Industry Standard Coding Languages?

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  08 August 2003
Question Industry Standard Coding Languages?

Last night I was speaking on #cgtalk IRC with a student who told me that their high school had banned C++ being taught due to it leading to cyber-crime.
I was quite angry about this, and as such told him that C++ was an industry standard and why the heck would anyone deny students a chance to learn the language. I work with developers who use C and C++ on a day to day basis, and i've been picking it up myself as an aid to my game development modelling.
This was when another IRC member jumped in and (rather arrogantly, I might add) told me I didn't know what I was talking about.
This lead to a rather irritating conversation, so I figured in order to get a clear understanding without bias, I would ask programmers what they use most prominently to code with.
Am I wrong in saying that C++ is not an industry standard code? I know it's been in decline, but this person i spoke with said Delphi was used quite prominently.

This isn't a matter of "Which app should i use?". It's more a case of what is commonly coded within the programming community and development at large. I'm interested to see what kind of cross section there is.

I know this may lead to an arguement, so I would stress that people keep it to what they know and what they use, rather than debunking what other people are saying.
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  08 August 2003
Re: Industry Standard Coding Languages?

Quote: Originally posted by erilaz

Am I wrong in saying that C++ is not an industry standard code? I know it's been in decline, but this person i spoke with said Delphi was used quite prominently.

In game engine development it sure is. I've never heard of a game engine being developed in Delphi to be honest, except for hobbyists/indies. It depends on the industry you're in though, but for the stuff we're into ( games and graphics ), yeah I'd say C++ is pretty much the standard IMO.
Dan
 
  08 August 2003
Someone probably has exact stats but it's safe to say that most commercial applications are developed using C/C++.
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  08 August 2003
haha this is the funniest thing i ever heard. yah i think all commercial games are made in c or c++. mostly c++ nowadays. those guys you were talking to were probably amish talibans who think people should not be allowed to play basketball or baseball or football coz it will help them to throw grenades, or that people shouldn't be taught how to drive coz that leads to truck bombs being driven into buildings.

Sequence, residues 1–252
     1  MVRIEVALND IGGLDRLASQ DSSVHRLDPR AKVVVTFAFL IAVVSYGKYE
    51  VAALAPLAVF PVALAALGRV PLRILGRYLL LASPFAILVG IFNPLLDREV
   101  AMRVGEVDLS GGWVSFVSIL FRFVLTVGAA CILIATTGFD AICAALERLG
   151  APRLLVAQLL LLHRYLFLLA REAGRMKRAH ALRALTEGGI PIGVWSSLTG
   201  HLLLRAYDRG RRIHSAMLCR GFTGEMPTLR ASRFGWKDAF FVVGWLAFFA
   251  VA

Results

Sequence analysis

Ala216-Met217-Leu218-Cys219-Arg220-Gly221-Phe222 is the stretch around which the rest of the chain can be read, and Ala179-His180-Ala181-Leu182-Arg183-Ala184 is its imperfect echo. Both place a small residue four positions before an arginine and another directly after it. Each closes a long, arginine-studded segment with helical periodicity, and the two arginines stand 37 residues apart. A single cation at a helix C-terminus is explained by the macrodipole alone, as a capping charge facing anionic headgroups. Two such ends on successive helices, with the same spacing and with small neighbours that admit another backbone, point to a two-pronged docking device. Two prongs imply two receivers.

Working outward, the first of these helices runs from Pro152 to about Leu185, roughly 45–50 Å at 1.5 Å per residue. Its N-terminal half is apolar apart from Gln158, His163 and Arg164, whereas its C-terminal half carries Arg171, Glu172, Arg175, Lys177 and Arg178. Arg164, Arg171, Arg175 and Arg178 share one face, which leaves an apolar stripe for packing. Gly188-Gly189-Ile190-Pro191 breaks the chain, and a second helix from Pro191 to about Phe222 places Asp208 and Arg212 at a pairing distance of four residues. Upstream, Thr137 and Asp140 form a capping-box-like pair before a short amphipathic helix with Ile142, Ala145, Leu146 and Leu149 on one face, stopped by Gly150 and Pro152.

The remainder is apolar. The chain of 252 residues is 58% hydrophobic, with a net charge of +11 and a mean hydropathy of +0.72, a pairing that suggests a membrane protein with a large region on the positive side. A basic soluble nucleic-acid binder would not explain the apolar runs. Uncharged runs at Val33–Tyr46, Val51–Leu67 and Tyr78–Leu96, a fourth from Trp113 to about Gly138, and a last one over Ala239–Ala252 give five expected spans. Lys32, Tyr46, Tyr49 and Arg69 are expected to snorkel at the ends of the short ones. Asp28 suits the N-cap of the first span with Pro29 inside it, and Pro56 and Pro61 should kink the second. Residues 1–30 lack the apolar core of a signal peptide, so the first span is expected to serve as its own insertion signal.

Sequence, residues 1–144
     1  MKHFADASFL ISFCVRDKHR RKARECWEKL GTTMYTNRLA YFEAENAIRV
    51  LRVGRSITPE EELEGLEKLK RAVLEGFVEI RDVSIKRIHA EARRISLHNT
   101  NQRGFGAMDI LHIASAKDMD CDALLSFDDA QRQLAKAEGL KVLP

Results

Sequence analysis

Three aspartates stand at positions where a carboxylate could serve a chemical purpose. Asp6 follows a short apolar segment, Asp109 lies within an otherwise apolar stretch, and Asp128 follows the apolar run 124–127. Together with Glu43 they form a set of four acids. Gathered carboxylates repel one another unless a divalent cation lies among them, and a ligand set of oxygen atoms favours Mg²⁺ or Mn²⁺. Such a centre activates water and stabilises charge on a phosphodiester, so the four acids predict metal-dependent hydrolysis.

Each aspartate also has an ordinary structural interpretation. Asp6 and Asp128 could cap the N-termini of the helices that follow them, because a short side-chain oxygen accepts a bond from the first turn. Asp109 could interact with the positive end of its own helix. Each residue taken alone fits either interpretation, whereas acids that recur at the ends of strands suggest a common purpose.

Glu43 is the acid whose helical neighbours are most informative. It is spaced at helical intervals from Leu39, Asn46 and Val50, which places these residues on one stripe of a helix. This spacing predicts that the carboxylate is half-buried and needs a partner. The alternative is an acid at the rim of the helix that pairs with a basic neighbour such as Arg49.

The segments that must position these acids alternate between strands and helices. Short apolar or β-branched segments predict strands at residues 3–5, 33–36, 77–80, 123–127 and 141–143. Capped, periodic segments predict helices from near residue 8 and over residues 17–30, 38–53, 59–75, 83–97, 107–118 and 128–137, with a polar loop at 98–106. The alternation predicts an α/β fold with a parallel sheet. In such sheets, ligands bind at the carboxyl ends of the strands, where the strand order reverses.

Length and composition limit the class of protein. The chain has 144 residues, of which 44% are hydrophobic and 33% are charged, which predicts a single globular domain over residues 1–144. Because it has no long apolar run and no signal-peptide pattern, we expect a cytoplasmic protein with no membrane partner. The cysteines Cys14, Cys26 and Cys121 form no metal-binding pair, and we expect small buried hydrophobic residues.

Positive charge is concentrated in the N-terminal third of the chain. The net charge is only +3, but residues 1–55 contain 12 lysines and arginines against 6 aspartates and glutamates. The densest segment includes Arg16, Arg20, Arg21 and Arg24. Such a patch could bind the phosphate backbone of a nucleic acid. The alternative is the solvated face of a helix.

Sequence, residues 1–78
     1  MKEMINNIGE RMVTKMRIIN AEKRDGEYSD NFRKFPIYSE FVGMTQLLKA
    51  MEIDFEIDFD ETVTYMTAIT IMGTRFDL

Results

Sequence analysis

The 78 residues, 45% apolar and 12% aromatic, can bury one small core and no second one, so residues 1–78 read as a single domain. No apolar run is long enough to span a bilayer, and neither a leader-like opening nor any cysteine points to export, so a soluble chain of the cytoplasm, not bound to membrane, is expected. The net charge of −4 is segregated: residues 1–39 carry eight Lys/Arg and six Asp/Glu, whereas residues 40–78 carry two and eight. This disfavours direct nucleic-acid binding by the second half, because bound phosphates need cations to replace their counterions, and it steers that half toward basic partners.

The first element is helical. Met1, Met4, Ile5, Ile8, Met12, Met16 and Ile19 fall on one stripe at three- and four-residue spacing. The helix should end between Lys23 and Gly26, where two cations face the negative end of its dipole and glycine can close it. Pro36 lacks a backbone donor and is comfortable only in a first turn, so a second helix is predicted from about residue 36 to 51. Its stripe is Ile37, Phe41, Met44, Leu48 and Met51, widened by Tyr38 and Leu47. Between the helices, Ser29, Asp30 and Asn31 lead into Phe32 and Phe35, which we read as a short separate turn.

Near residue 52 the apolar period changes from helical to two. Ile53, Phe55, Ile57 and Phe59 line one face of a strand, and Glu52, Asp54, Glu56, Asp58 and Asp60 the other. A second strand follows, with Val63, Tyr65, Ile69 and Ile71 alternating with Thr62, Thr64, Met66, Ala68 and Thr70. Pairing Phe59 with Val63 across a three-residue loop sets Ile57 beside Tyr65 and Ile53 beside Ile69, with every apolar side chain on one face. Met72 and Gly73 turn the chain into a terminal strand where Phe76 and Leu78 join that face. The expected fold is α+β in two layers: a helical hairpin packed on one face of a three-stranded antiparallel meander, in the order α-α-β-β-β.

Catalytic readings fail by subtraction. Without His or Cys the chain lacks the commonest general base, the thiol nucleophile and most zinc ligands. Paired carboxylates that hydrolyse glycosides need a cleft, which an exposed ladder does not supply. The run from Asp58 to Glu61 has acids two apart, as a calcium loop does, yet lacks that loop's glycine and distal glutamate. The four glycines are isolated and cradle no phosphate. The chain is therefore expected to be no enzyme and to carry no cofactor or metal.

08 August 2003
Quote: Originally posted by ViPr
haha this is the funniest thing i ever heard. yah i think all commercial games are made in c or c++. mostly c++ nowadays. those guys you were talking to were probably amish talibans who think people should not be allowed to play basketball or baseball or football coz it will help them to throw grenades, or that people shouldn't be taught how to drive coz that leads to truck bombs being driven into buildings.


Thanks for your comment ViPr, but please refrain from personally attacking people... it just leads to nasty arguements.
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Martin Brennand - mocha Product Manager - Imagineer Systems
 
  08 August 2003
C++ definitely wins hands down.

Cop this for some statistics.

Do an Amazon search on the following:
"C++" + "game" = 33 books
"Delphi" + "game" = 3 books

"C++" = 1579 books
"Delphi" = 310 books

......... 'nuph said.
 
  08 August 2003
Personally I use Perl a lot, but usually to glue RenderMan together. (obviously not interactive)

I don't do games, but I would be suprised if they didn't use C++ as its close to the hardware whilst still being manageable.
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  08 August 2003
The four companies I've worked for so far (yeah, the games industry, it's like that) have all used C and C++ for most of the code, with the occasional bit of assembly thrown in for some of the nastier CPU hogging routines. If you subscribe to the game-dev algorithms list and/or the DX developers list then you'll quickly see 99% of game dev is done in C or C++.